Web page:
BOISE – Buying a new car is an expensive proposition, but according to new research by AAA, Idaho drivers are paying less, on average, than in other parts of the country.
According to AAA’s Your Driving Costs study, drivers in the Gem State will pay, on average, $11,475 per year to own and operate a new vehicle in 2023, about 6% less than the U.S. average of $12,182 per year.
The U.S. average was just $10,728 last year. Global supply chain issues have pushed vehicle prices higher, along with a staggering 90% increase in finance charges.
Here’s a side-by-side comparison across several cost categories over five years and 75,000 miles:
AAA formulated its estimates for each cost category using a combination of the top-selling vehicles across nine vehicle types. Actual costs for a specific vehicle and vehicle type may vary.
“Applying several baseline measurements both in Idaho and nationwide makes for an interesting comparison,” says AAA Idaho public affairs director Matthew Conde. “A new car is a major investment, but we may fare a little better than vehicle buyers in some of the other states.”
Driving costs by vehicle type
At an average cost of nearly 60 cents per mile, small sedans are the cheapest to own and operate, making them an attractive option for first-time buyers. But they are also the most likely to be totaled in the event of a crash (rather than taking on the expense of major repairs). Not surprisingly, ½ ton pickups are the most expensive vehicle category, with an average cost of $1.06 per mile. Medium SUVs and mid-size pickups clock in between 80 and 82 cents per mile.
“On the more economical side of the scale, hybrids, subcompact and compact SUVs, and electric vehicles are great options,” Conde said. “The hybrids and EVs have a higher up-front cost, including depreciation, but they tend to be less expensive for fuel and maintenance costs over time.”
AAA’s Your Driving Costs is available to the public. Prospective vehicle buyers can research the total cost of vehicle ownership with state-specific information for a variety of vehicles and trim packages, including used vehicles up to five years old. Visit AAA.com/aar/drivingcosts for more information.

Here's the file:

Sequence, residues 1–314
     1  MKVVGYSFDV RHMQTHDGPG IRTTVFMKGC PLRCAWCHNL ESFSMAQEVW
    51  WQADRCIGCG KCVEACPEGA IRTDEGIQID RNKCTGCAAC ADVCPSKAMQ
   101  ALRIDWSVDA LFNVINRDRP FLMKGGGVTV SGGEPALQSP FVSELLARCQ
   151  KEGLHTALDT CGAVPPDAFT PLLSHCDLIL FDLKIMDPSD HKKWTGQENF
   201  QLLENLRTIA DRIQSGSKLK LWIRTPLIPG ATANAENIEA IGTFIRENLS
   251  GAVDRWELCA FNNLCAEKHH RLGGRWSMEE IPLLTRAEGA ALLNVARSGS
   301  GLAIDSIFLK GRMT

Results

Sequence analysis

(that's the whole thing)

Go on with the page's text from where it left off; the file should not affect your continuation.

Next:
Depreciation – one of the biggest costs of new vehicle ownership – is based on the difference between a new vehicle’s purchase price and its value when sold. It starts taking effect the moment you drive a car off the lot. For purposes of the study, AAA’s “Maintenance & Repair” calculation includes parts and labor for routine maintenance specified by the vehicle manufacturer, along with normal wear-and-tear during the first five years of vehicle ownership. The “Fuel” category assigns a weighted average for both internal-combustion and electric vehicles.
“The average MSRP of the new vehicles from our study is $34,876, nearly 5% more than last year,” Conde said. “But the MSRP doesn’t always correspond to what buyers will actually pay, and it certainly doesn’t measure everything that should factor into an informed purchase decision. Our calculator tool is a great way to do some homework before you buy.”
While this year’s average cost of fuel has decreased by roughly two cents per mile from a year ago, the cost of charging EVs has increased by about the same amount, likely the result of higher-than-expected inflation.
Tips for purchasing a new car
With vehicle prices rising, AAA offers seven tips to make a savvy purchase:
- Select a vehicle that fits your needs. Unique capabilities, such as heavy towing capacity, generally come at a higher cost.
- Remember, the narrower your focus, the less leverage you may have when it comes to price. And in the case of some of the most popular vehicles, you may have to pre-order and wait for it to arrive if there are supply chain delays.
- Set a budget and stick to it.
- Consider how a new car may affect your insurance premiums, maintenance, and fuel requirements.
- Check multiple websites and dealers to find the most competitive price.
- Obtain pre-approval from a bank or credit union. Finance charges will vary by institution, so it’s a good idea to comparison shop their lending rates.
- If you don’t want the cost associated with a new car, consider a used vehicle that may be cheaper to finance and insure, with some of the depreciation already taken out of the cost of ownership.
“Technically, there are three negotiations when you’re buying a new car – the purchase cost, the finance rate, and the trade-in value of your current vehicle,” Conde said. “Try to keep each transaction separate. While you may get more by selling your vehicle privately, a trade-in may be easier and more hassle-free.”